When Blade Runner came out in 1982, it was a flop at the box office. No one at the time could have guessed that, with time, Ridley Scott’s noir dystopia would become a sci-fi cult classic, with several versions (we honestly lost count) and with a much awaited and hyped sequel, delivered to the big screen 35 years later by Arrival’s director Dennis Villeneuve.
After the collapse of Tyrell corporation and a 10-day blackout that erased most of the data banks, the world hasn’t changed that much to the better. A new corporation has taken over, developing better, more obedient replicants. One of them – Officer K, of the LAPD (Ryan Gosling), aka Blade Runner – hunts older models to “retire” them. But when he stumbles upon a secret that forces him to look for ex-Blade Runner Deckard (Harrison Ford), he starts wondering if there’s more to life than being a ridiculous obedient good robot.
Villeneuve has clearly decided to slump us with hard sci-fi, and we are not complaining. Running almost at three hours, with a slow-pace that lets us be engulfed by the stunning imagery – based on the original, peppered with hints of other sci-fi worlds – courtesy of the yet to be Award-Winning lens of Roger Deakins, Blade Runner 2049 couldn’t be further from your regular, comic-book based, action packed blockbuster. It even dares – shudder – to put some existentialist philosophy into the plot. Fans of the first movie may appreciate it further, sci-fi fans will droll around their seat – for the remain of the audiences, it may be a case of love it or hate it.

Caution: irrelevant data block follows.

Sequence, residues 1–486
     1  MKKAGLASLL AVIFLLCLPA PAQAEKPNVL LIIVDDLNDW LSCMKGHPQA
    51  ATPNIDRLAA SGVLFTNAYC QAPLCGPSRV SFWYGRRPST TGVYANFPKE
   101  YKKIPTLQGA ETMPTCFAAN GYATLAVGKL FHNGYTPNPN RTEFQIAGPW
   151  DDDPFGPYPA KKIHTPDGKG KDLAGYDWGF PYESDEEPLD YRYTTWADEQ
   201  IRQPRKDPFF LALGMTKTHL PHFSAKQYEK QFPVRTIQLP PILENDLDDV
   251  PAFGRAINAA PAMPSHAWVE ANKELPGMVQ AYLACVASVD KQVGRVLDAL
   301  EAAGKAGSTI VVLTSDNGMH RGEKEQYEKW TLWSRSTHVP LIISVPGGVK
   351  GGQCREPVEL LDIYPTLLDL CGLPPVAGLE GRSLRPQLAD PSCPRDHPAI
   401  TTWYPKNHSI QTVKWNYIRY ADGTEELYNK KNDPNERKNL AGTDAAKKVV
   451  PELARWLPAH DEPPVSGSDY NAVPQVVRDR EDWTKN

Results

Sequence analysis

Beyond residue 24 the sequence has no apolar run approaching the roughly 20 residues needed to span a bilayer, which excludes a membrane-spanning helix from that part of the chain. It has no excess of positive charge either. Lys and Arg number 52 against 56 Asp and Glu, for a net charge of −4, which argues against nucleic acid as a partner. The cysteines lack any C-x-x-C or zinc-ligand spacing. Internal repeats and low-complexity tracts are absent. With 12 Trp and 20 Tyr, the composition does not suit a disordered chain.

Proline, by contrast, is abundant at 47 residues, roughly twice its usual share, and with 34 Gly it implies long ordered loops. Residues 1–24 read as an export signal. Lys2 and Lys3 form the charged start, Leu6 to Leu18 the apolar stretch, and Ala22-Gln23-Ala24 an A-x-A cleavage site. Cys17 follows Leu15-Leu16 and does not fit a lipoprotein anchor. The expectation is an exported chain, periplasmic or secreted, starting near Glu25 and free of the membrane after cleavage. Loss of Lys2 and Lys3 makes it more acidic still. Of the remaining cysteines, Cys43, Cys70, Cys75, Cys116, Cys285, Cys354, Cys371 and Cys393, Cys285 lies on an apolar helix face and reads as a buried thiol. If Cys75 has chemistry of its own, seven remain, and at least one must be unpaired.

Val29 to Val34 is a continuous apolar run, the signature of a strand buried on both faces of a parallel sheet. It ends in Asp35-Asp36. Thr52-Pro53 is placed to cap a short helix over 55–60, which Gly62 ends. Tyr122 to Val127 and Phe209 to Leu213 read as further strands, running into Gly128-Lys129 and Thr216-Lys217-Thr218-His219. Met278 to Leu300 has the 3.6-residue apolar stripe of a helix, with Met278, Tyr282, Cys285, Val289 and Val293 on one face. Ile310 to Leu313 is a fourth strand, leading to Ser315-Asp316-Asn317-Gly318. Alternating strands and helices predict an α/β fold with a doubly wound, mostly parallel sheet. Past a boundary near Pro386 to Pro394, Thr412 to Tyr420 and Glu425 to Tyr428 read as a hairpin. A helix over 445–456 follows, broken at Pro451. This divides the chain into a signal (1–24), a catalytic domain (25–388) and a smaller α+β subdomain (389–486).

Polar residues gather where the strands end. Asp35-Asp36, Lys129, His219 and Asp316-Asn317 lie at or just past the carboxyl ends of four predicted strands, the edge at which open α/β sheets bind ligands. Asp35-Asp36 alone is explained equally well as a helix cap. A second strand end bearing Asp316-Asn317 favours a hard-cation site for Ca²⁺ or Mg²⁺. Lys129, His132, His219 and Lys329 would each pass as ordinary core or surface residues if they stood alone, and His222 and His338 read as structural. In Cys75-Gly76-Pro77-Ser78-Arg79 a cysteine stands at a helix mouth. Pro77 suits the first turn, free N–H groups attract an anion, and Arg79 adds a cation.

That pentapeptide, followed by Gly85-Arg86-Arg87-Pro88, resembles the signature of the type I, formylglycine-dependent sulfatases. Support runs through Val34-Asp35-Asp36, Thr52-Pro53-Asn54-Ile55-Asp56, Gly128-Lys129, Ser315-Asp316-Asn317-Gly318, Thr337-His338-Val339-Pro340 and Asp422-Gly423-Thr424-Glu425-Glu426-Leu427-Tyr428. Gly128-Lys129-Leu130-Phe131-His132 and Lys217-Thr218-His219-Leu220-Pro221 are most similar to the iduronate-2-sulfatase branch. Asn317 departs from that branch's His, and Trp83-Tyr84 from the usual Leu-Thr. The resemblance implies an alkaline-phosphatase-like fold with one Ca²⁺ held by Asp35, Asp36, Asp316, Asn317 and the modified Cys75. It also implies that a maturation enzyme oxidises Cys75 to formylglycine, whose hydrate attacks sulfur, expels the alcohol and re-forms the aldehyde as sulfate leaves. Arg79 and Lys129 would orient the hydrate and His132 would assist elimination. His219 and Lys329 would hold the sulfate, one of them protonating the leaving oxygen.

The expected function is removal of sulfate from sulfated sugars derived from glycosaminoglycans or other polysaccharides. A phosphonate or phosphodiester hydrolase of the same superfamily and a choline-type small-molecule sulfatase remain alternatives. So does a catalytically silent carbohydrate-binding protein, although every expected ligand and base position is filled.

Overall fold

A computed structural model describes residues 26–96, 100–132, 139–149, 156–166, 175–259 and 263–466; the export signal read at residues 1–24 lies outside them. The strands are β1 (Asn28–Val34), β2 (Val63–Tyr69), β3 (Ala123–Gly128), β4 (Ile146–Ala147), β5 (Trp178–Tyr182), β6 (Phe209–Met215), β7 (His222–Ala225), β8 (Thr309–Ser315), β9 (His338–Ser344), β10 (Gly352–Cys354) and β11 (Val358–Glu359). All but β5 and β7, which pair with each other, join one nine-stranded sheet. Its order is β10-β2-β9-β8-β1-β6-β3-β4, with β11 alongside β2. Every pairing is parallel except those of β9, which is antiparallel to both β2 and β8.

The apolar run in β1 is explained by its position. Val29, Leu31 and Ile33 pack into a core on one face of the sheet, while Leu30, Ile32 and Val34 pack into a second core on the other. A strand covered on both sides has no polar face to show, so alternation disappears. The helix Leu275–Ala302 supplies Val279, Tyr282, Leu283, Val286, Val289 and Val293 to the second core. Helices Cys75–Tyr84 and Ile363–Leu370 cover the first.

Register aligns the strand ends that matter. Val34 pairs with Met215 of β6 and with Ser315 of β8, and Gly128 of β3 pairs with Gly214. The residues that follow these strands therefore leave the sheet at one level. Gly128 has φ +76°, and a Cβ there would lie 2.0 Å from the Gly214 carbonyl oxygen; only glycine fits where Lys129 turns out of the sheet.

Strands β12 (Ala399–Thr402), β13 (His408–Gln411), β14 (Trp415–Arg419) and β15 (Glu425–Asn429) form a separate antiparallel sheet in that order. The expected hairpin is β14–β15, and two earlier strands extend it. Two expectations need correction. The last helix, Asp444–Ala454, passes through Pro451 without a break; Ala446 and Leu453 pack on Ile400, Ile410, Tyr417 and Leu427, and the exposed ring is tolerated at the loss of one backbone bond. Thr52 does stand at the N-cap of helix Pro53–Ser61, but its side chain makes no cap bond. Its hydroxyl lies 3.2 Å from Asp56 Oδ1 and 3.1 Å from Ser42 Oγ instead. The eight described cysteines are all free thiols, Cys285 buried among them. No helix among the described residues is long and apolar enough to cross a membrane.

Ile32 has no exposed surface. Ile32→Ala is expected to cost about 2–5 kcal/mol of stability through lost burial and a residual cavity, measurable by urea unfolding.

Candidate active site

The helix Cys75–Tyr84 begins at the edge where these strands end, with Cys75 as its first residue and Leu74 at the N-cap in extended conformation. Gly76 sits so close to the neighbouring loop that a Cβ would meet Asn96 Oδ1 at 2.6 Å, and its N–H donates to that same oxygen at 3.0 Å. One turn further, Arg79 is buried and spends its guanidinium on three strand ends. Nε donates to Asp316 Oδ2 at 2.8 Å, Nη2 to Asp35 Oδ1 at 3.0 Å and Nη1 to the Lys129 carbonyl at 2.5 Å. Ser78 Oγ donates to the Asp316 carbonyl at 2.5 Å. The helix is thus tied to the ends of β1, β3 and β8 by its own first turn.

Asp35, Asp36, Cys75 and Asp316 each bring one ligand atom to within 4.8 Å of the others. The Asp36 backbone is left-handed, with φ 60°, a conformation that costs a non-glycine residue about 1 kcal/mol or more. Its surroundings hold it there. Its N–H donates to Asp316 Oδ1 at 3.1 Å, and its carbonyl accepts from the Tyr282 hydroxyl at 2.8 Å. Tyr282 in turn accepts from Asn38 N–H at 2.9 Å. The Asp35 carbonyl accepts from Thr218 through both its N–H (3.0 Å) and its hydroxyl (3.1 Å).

It is not the perfect film – far from it. The script by original writer Hampton Fancher has a few holes, and we’re not talking about that Deckard ambiguity (Why the bees? Where do K’s memories come from? Why is Robin Wright so great?, etc etc). There are moments where the cinematography is just too good, and we get seriously distracted – luckily, it’s not that dense a plot. Even the final twist (?) is as predictable as they come.
And yet. This tale of urban isolation and what it means to be human manages to resonate on our minds like only good sci-fi can. On the line between what’s fake and what’s real, K – content with his “fake” status, happy with this hologram girlfriend – sees himself suddenly aware of the possibilities of being human. He has not seen a “miracle”, but presented with the possibility of being one himself, he transcends his machine status to do the most humane thing he can do – to sacrifice himself for a cause. Gosling, with his big coat (where, oh where can we buy it) and moody looks, was the perfect casting choice, and we won’t be surprised if he’ll manage to get some award love earlier next year.
Definitely an instant classic, Blade Runner 2049 deserves to be seen in the big screen in all its splendour. Despite the Asian/women controversy, and the not enough Robin Wright screen time, Villeneuve’s new film shows that it is possible to make a very different kind of mainstream cinema nowadays, without sacrificing the audience’s intelligence for a few dollars more at the box office. Please, sirs, can we have some more?
Blade Runner 2049 is on UK screens from 5th October 2017